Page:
The unprecedented challenges of the past three years have tested CEOs and their leadership teams. From technology to the needs of employees, consumers, customers and partners, businesses are being called on to dramatically change the ways they work, engage and transact. They are also being asked to reconsider their leadership styles. One company places talent at the center of business transformation, describing its culture of equality as an "innovation multiplier." Accenture, the global professional services company, believes that accessing, creating and unlocking talent will continue to be a key force of change across business.
We connected with Renato Scaff, Accenture's Chief Operating Officer in North America, to talk briefly about why inclusion and diversity is critical for business – especially during times of uncertainty. Here are a few excerpts from that conversation:
You're an advocate of diversity in the workforce – why do you think that matters?
Renato: I've always believed that diversity is an asset, especially because I've benefited from diverse experiences throughout my life. I moved around a lot as a child due to my father's work. I lived in Brazil, New York, Paraguay, Toronto, Singapore and Miami – all before turning 16. Being around distinct cultures and people allowed me to gain valuable perspectives and life experiences that shaped my way of thinking and allowed me to unlock unique insights I could bring to the table at work.
It's empowering to know that I work for a company with the same commitment to inclusion and diversity. At Accenture, we know a diverse workforce leads to more robust thinking, new ways of working and more innovation. It drives positive change.
That's a lot of moving around. Aside from showing you diverse perspectives, what else did you take away from that experience?
Renato: I learned to believe in myself. Don't be afraid to complicate your life. Every time you do, you learn new things. I moved to new countries. And every few years at Accenture, I've switched roles. I've been better for it every time. If you're offered something new or considering a new challenge, don't fear. Don't be afraid that it might complicate your life. You will likely end up better for it.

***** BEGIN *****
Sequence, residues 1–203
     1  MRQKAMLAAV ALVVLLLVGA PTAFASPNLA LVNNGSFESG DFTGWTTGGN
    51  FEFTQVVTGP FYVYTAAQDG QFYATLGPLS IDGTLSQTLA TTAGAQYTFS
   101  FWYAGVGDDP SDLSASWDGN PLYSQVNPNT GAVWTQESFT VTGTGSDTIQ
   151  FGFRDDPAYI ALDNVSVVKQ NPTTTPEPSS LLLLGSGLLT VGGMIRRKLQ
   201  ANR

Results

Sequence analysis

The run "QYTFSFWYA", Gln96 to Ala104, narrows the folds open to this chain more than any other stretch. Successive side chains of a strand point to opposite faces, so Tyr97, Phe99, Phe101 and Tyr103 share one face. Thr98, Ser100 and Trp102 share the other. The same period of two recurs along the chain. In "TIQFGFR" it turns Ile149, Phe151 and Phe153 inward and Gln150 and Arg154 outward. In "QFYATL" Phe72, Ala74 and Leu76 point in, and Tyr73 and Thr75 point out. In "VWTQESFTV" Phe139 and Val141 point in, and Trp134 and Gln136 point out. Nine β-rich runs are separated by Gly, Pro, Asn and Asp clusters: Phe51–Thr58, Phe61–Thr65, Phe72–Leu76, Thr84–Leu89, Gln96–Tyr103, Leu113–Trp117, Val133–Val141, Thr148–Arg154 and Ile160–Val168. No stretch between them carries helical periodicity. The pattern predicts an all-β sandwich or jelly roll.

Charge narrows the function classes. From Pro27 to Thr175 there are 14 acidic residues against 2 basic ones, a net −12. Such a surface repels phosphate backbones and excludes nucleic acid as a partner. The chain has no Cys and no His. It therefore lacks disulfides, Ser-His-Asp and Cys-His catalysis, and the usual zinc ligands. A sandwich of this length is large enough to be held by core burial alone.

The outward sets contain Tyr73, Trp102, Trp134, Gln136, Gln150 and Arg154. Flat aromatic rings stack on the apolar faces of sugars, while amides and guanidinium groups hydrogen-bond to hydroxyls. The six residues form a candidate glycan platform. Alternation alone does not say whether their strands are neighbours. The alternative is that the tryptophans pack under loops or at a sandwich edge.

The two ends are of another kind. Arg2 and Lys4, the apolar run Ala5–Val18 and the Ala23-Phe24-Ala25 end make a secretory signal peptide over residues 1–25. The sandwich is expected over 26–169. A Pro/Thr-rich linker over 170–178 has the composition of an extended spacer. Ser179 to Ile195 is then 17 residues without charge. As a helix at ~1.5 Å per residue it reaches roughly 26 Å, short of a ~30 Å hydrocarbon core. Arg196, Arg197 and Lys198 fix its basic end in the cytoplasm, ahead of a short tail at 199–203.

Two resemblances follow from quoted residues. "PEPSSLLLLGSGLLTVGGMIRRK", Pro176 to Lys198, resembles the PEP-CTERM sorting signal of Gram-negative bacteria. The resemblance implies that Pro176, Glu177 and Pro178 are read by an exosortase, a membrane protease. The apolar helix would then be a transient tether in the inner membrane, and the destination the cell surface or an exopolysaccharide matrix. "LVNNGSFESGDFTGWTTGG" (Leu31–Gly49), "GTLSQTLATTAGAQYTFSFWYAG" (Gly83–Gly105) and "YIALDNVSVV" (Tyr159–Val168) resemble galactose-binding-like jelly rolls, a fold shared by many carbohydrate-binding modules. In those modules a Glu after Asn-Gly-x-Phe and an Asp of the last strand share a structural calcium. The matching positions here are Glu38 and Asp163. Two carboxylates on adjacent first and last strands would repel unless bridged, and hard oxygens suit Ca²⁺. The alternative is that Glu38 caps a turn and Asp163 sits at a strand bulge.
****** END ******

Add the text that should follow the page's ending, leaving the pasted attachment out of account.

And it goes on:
For some people, confidence doesn't come so easily. What do you say to them?
Renato: Some people are naturally timid, and some have anxiety. My advice: don't doubt yourself. Trust that you can complete the task at hand. If you've got a big project, don't start thinking, "Can I do it?" Begin with the mindset of "I am going to do this." Remember, today is the tomorrow you worried about yesterday. Don't tie yourself up with worry. Focus on solving the problem, and making it work. And if it doesn't, don't beat yourself up about it. Tomorrow is a new day.
Do you think diversity is a driving consideration when people look for new jobs?
Definitely. Obviously, people consider pay and benefits and whether it's work they want to do, but they also look at the culture of future employers. Is this a company I want to work at? Is there room for growth? Is this company earning my commute? These are important questions that everyone should be asking themselves.
One thing I think is novel about Accenture is the mindset of leaving our people "net better off" for working at the company. We feel responsible for the holistic well-being of our people and actively seek to earn their trust. It's about creating a culture and spaces where everyone feels valued, seen and heard. That builds trust – and we know people's potential can change when they are sufficiently supported.